Remember your child knows that he/she is made up of both of you. If you are talking so negatively about half of them, they will start doubting their worth and self-esteem. If nothing else, remind yourself that your little one would not be here if it weren’t for that other parent. The child you adore is half of them and would not exist without them. And repeat …”

 

Happy Father’s Day from an Ex-Wife

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I stood in the greeting card aisle at Target for a solid half hour just staring at the words in the husband section of the Father’s Day assortment. I am sure there were quite a few people confused by my glazed over stare or scowl as I read the phrases on these cards. “To my amazing husband on Father’s Day…” “There’s no one I’d rather raise kids with…” “We sure make cute babies…” These cards made me sick to my stomach. And not in a nauseating cuteness type of way. In a my husband is none of these things and I feel like throwing up type of way. I picked up my phone and called a friend, trying to whisper under my breath so I didn’t create a scene, “Where are all of the Father’s Day cards for cheating husbands!!?” After she talked me off the ledge, she simply said, “Move away from the husband cards and simply get one card from your daughter.” And that I did. Who knew greeting cards could be so emotionally draining?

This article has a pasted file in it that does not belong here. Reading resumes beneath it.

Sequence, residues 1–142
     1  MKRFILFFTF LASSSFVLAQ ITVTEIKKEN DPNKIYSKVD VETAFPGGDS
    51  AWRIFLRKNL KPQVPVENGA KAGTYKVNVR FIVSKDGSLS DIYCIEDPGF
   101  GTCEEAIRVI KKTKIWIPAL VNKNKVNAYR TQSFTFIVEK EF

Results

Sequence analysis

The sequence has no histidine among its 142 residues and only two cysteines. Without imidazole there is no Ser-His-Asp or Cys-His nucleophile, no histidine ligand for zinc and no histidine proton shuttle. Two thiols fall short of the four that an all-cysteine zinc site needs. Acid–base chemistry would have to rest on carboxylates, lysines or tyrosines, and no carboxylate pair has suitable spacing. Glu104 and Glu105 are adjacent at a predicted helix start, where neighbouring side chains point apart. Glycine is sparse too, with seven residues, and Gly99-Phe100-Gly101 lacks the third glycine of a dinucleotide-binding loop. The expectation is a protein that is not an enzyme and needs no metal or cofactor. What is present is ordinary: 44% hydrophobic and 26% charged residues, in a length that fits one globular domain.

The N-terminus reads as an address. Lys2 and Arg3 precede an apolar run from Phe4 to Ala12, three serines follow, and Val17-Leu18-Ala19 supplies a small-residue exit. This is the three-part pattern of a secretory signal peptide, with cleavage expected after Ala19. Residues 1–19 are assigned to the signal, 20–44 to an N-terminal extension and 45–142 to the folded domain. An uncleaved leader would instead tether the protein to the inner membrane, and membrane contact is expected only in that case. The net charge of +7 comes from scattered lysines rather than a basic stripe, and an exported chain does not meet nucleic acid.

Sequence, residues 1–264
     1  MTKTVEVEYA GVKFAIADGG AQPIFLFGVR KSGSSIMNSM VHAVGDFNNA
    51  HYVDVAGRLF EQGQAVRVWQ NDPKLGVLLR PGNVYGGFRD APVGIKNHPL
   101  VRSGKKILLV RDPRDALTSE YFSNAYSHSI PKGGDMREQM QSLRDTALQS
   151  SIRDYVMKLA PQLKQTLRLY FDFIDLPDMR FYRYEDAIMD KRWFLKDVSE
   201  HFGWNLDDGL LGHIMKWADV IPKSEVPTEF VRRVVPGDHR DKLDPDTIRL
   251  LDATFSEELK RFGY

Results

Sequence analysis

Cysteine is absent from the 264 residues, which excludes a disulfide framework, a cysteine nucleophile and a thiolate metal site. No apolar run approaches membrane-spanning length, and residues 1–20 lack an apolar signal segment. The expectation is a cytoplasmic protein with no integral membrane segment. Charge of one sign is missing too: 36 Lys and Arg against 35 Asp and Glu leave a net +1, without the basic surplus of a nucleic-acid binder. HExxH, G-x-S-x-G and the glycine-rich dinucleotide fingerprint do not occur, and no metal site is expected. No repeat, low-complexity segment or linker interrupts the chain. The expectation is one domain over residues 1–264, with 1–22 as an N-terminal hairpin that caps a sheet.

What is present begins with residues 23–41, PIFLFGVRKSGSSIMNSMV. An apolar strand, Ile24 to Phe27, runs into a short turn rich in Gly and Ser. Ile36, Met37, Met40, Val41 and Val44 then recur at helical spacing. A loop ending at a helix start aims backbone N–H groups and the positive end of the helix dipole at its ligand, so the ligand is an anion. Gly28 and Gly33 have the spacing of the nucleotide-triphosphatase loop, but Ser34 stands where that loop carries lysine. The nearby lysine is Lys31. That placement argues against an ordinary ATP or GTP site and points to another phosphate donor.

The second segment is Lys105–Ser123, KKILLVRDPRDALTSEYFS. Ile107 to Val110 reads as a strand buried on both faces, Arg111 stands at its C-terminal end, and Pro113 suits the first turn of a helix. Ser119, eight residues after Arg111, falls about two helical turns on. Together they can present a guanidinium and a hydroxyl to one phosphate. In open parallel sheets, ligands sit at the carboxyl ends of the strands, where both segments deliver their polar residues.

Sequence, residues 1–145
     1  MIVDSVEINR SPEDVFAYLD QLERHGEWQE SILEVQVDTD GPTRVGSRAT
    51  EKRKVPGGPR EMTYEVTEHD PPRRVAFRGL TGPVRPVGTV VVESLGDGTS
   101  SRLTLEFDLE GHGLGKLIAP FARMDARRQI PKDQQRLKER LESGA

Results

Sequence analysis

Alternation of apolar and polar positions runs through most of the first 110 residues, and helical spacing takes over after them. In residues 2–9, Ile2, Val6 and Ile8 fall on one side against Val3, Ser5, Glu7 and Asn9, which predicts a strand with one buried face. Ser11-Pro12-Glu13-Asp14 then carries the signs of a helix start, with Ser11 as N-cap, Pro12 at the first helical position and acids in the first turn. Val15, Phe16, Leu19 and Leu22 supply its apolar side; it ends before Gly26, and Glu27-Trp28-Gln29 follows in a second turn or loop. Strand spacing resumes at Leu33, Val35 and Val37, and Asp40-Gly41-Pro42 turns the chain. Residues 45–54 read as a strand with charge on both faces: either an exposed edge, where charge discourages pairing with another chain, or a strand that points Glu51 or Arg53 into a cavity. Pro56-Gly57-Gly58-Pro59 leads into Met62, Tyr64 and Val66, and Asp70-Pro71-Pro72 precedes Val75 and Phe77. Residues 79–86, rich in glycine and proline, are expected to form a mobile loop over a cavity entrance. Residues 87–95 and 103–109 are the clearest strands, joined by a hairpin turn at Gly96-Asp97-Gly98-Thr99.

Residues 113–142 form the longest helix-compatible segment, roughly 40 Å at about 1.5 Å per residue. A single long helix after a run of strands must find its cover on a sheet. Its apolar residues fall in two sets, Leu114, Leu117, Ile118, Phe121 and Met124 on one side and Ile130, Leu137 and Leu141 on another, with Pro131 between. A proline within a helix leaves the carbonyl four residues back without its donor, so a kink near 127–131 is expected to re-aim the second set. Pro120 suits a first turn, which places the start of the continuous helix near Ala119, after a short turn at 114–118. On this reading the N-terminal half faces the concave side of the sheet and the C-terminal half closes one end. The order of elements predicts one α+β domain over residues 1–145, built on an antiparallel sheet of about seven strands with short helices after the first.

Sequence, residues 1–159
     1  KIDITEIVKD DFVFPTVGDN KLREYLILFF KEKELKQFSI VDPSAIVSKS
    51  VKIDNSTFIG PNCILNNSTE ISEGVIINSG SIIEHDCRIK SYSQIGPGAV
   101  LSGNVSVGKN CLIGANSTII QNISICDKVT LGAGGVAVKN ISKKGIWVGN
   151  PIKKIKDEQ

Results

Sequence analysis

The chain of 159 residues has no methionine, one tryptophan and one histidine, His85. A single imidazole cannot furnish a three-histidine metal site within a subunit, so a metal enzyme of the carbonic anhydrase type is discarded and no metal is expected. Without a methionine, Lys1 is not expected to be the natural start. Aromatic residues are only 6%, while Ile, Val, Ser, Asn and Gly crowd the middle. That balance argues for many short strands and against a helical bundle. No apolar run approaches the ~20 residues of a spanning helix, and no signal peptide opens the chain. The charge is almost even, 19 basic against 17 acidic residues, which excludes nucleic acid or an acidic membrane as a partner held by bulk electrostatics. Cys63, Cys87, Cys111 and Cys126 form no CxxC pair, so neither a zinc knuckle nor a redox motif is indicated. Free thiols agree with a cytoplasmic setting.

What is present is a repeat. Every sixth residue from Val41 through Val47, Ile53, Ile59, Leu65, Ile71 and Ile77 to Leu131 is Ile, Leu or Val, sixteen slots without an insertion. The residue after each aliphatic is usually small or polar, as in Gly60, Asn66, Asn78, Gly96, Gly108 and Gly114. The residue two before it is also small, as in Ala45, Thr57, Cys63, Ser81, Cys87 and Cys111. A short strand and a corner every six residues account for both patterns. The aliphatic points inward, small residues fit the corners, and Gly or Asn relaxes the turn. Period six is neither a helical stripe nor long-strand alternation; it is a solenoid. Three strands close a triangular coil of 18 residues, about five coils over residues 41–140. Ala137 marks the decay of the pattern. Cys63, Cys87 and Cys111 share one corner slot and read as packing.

A couple years (and Father’s Days) went by, and I found myself in the same boat. How!? I thought time was supposed to help these things! One of those years I took the more bitter/comical route and got him this mug as a Father’s Day gift. Before you think I am a heartless b-word, he still gets a good laugh over it.

I think the reason this day was always extra hard for me has to do with my love for holidays. I love any excuse to spoil and appreciate someone in my life through a day that celebrates them. As a wife, Father’s Day is up there on the list because it’s celebrating this little life you’ve created and the ways you’ve survived parenthood together. That day is lost in divorce. Well, maybe not completely lost, but different. This brings me to my next point and present day stance on the holiday.